The extraterritorial criminal jurisdiction that a state exercises over members of its armed forces and various civilians associated with the forces cannot be easily explained in terms of the traditional principles of state jurisdiction under international law. Contrary to popular belief, such jurisdiction has little, if anything, to do with the nationality of the defendant. Concerns for the security of the state also fail to justify the often very expansive service jurisdiction. This article argues that such jurisdiction is designed to maintain the discipline of the armed forces. Furthermore, the exercise of service jurisdiction aims at reducing the chances of the state itself being held internationally liable for the conduct of its forces. Also, service jurisdiction should ensure that the possible immunities granted to foreign service members and associated civilians do not lead to an accountability gap.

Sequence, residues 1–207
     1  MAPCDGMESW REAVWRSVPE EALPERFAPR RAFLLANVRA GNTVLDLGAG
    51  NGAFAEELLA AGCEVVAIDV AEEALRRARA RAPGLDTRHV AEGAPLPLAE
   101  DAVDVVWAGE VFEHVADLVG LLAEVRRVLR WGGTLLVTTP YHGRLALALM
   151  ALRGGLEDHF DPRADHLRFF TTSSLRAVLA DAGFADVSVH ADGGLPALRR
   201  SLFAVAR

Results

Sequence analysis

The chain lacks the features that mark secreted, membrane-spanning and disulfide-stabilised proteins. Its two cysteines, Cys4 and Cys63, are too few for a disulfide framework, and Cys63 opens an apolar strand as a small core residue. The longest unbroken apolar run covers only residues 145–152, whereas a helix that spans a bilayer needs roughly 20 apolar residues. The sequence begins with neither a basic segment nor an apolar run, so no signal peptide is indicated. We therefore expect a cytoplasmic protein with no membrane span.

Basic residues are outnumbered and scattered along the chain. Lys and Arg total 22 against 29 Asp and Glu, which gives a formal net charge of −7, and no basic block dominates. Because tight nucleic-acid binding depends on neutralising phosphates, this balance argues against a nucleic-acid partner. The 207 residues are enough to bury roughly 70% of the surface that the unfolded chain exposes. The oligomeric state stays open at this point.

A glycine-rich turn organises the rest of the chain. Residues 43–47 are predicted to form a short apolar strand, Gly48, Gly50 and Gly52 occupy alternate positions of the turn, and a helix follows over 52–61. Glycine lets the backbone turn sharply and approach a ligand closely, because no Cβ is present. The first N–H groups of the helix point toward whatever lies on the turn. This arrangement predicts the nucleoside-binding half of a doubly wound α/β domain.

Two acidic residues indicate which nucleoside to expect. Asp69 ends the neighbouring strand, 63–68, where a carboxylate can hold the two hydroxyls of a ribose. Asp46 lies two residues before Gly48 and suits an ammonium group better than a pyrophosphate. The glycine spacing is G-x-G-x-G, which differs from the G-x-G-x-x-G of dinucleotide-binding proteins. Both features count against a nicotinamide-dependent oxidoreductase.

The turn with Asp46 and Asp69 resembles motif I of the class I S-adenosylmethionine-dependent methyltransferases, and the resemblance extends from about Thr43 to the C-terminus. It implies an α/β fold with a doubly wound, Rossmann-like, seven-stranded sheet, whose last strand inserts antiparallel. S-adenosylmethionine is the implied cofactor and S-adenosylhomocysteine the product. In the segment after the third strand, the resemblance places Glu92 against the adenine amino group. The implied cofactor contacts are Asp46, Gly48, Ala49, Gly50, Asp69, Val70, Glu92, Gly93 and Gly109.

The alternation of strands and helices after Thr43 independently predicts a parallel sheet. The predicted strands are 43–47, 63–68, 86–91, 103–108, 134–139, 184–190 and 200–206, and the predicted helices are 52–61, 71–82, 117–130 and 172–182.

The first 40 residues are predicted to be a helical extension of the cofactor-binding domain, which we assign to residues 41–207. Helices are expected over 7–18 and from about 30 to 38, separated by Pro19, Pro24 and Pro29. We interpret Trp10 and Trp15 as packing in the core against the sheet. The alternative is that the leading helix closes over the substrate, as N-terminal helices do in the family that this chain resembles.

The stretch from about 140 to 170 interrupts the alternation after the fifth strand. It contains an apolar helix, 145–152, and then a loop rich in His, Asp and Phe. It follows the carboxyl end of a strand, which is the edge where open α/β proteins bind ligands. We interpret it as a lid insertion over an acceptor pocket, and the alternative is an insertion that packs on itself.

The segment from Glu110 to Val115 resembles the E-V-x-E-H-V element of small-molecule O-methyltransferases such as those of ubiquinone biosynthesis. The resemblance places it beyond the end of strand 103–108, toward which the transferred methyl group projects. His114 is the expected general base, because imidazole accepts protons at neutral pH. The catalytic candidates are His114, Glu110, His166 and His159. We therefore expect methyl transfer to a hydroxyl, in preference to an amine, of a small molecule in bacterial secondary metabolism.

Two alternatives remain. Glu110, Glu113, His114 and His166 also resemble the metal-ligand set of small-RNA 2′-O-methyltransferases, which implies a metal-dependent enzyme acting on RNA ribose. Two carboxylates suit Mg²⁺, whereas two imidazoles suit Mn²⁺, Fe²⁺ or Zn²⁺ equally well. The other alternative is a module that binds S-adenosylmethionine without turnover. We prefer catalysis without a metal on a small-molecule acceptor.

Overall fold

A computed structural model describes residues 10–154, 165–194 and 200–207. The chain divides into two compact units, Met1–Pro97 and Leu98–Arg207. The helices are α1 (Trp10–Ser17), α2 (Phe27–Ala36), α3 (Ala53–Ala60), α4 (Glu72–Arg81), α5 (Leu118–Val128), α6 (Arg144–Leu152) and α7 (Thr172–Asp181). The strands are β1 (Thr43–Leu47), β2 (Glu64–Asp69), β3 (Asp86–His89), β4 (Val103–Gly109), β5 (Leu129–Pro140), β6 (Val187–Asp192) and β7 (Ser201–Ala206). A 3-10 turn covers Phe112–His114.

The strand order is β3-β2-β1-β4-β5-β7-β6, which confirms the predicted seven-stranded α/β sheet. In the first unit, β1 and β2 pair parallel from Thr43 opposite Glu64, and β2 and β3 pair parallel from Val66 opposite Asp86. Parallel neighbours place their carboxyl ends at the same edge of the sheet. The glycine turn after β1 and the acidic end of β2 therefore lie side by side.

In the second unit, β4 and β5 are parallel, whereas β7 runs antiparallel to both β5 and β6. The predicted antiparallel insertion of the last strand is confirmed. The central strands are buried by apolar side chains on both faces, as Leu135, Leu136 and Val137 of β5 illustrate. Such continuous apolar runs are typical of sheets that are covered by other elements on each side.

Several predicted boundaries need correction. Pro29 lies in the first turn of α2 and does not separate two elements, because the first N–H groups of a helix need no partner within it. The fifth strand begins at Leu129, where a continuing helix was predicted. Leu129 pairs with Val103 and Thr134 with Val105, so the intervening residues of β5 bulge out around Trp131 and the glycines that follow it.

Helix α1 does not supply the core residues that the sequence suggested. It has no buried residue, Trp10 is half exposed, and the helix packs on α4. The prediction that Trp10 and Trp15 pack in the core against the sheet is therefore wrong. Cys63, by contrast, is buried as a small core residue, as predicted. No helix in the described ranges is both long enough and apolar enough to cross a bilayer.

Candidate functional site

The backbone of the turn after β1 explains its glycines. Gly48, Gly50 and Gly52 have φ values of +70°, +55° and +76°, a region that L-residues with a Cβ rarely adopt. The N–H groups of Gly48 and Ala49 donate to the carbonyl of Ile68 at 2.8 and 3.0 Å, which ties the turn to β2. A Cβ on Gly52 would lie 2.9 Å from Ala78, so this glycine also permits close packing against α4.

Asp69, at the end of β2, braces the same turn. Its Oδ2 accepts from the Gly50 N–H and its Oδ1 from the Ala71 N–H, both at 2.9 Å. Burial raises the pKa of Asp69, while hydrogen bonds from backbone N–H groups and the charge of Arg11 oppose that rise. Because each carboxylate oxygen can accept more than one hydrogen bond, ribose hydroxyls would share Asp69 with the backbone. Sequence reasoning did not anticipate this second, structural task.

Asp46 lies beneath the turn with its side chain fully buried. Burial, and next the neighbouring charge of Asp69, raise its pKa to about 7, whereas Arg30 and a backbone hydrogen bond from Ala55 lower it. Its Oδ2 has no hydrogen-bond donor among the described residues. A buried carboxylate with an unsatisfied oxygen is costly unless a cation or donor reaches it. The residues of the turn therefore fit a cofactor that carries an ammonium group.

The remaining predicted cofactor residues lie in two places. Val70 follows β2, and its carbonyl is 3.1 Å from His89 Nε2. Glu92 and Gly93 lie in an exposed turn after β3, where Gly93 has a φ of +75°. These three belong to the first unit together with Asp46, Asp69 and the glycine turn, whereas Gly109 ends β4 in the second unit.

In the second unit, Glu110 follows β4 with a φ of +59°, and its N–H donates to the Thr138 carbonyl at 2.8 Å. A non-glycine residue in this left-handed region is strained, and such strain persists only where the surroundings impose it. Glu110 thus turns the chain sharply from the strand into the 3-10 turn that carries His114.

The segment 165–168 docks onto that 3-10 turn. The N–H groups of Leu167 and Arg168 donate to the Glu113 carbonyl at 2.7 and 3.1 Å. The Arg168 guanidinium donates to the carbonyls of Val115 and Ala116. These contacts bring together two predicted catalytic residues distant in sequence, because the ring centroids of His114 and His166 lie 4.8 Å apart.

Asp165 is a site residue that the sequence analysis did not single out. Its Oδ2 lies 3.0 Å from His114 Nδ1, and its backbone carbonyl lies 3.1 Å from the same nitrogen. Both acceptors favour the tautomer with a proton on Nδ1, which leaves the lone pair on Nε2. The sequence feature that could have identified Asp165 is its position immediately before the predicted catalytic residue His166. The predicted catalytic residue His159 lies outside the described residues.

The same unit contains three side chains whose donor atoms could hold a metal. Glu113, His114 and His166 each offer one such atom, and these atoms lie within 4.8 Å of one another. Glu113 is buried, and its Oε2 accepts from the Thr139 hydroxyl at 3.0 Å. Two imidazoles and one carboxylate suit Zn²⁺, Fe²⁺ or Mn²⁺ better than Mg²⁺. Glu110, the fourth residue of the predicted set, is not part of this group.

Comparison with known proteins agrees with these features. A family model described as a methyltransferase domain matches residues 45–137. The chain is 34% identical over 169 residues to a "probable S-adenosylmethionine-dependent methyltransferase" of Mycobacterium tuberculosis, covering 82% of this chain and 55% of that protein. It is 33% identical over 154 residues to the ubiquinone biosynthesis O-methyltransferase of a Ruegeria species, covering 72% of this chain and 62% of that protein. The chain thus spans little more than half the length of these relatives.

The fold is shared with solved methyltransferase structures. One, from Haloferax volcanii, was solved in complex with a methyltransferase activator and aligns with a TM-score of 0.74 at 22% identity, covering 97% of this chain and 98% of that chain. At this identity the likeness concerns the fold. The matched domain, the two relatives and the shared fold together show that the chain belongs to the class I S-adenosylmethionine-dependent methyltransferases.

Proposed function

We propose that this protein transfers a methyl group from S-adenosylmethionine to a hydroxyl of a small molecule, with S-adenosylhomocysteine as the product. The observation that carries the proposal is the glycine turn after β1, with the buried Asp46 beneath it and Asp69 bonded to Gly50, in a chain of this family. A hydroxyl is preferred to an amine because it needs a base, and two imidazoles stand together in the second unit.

|Journal||Melbourne Journal of International Law|
|Number of pages||29|
|Publication status||Published - 2010|
|MoE publication type||A1 Journal article-refereed|